My Top 10 Albums of 2016.

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Mercifully, 2016 is nearly over. That being said, it wasn’t a bad year for new music in my opinion. I’m not doing song by song album breakdowns, just the highlights and some honest opinions. Here’s my top ten albums of 2016 in no particular order. \m/

1) Nine Inch Nails – Not The Actual Events

NIN - Not The Actual Events

    Wow is a word I would use. Unexpected is another word I would use. I didn’t expect this album to be so good. I mean it’s really fucking good. “Branches / Bones” the title itself reminds me of Deftones “Hearts / Wires” for some reason and I like that. It’s a rocker, immediate, and the riff is LOUD AS FUCK, just the way I like it. The album moves right along into “Dear World,” which is more like what I expected, but a lot better. It’s got a bit of a Daft Punk vibe in the synth I really like. “The Idea of You” might be the best song I’ve heard all year. Fuck this might be album of the year. This is the NIN you’ve been waiting for…\m/

2) Biffy Clyro – Ellipsis

    Biffy is back! A new producer is just what they needed to get out of the stale commercial formula they had started to fall into. As an old school, pre “Puzzle” era Biffy fan, songs like “Animal Style” and “Friends and Enemies” really have that raw old school Biffy style I like. “Re-arrange” and “Howl” are both amazing as well. “Howl” has an awesome Kerbdog reference in the lyrics. Keep it real Si! The best Biffy album since “Puzzle” in my opinion. Mon the Biff!

3) Violent Soho – WACO

      What a great band! One of the only bands I hear and can immediately feel the 90s dragging me back in time. A better time when the riffs were huge, the meanings were genuine, and the songs had hooks. Yeah… I’ve been a fan of these guys for a long time and I have to say this is definitely their finest album to date. “Blanket” is a standout for me, I find myself screaming along to the chorus “yeah yeah yeah” what a tune, what a riff. “Viceroy” is another great song and more of what I’ve come to expect from them in a single. You can’t help but feel the Foo Fighters influence on “Evergreen”. Give this album a listen, you’ll be glad you did.

 

4) Eric Bachmann – Self Titled

      What a surprise! This album is beautiful, it’s dark, it’s got one of the most amazing vocal hooks on it I’ve heard all year in the chorus on”Dreaming”. The ex Archers of Loaf front man has written some of his best stuff on this one. Don’t expect Archers style rocking but this album definitely gives me the feels.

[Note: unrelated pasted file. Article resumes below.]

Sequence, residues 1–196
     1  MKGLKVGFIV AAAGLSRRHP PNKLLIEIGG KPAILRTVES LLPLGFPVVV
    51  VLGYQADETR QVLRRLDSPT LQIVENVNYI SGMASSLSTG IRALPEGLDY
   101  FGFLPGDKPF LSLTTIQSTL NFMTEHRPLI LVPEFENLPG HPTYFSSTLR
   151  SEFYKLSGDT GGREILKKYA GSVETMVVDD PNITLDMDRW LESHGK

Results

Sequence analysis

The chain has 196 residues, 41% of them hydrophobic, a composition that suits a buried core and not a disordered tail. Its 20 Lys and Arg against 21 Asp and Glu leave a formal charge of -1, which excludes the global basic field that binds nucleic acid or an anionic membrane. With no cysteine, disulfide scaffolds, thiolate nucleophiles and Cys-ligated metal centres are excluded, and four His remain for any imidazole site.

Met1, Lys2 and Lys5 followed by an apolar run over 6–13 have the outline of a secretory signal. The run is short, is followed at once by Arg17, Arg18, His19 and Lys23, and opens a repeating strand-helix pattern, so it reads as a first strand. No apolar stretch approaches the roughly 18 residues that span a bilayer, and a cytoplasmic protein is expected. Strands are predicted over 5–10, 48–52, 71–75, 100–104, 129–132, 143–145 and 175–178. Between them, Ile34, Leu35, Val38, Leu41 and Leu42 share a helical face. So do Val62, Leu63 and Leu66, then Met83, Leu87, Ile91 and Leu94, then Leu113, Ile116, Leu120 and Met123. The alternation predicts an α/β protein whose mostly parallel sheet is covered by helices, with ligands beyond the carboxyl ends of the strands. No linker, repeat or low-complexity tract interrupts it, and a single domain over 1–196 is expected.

5) Deftones – Gore

      Their best post Chi album. It has buzzsaw riffs. It has proggy time signatures. It has hooky choruses. I love “Hearts / Wires” the most though, what a chorus, gets me singing along every time. 2016 seemed to be the year of the return to form for a lot of bands but I think in the Deftones case they’re just finally moving on and finding their groove. Good for them, keep em coming guys! \m/

 

6) Radiohead – Moon Shaped Pool


This is a great album. There’s nothing I can say about it other people haven’t already said ad nauseam. It’s Radiohead, they’re awesome, you already know this. Moving along.

7) Devin Townsend Project – Transcendence

    Devin Townsend is one of the best kept secrets in the music world. If you’re not a hardcore metal fan that knows him from the Strapping Young Lad days you may not know who Devin Townsend is. This is definitely the best thing he’s released since “Addicted”. “Higher” is a masterpiece of songwriting and performance. “From the Heart” is a masterful metal ballad, done right. Every person in this band is an amazing musician. Do yourself a favor and BUY a copy of this album. HIGHLY recommended. \m/ \m/

8) Jimmy Eat World – Integrity Blues

      I love Jim Adkins. I love every thing about this guy. His songwriting, his voice, the dude has it all. The Jimmy songwriting you love is back on this album. Really, really solid tunes. I was really surprised by the riffage on “Pass the Baby” at the end of the song! More of that please! \m/ “Get Right” has the “Futures” vibe you’ve been waiting for. “Sure & Certain” keeps the 2000 feels coming but with a modern edge. A really great album, their best since, well, “Futures”. Don’t overthink it guys, you know what to do. \m/

 

9) Filter – Crazy Eyes

    Hey this one is easy. If you liked Filter in the 90s, then you’ll love the new Filter album. “Mother E” stomps it’s foot and dares you to cross the line. It’s loud, it’s dark, and it’s industrial. A solid return to form.

10) Dinosaur Jr. – Give a Glimpse Of What Yer Not


I thought I’d save a good one for last, like a fine wine. I mean it’s J and Murph and Lou, you know it’s fucking good. Definitely one of their strongest efforts since Lou has returned to the band. “Goin Down” has that “Where You Been” attitude right from the start. There’s nothing not to love about this album. “Be a part” is a great slow melodic rocker reminiscent of something from “Without a Sound” like “Mind Glow”. Really amazing these guys can pump out albums like this so deep in their career. I’m just glad they’re still around. Legends.

Honorable mentions:
Helmet – Dead to the World

Russian Circles – Guidance

Pinegrove – Cardinal

Gojira – Magma

Garbage – Strange Little Birds

Sell Out Single Release and LP Details!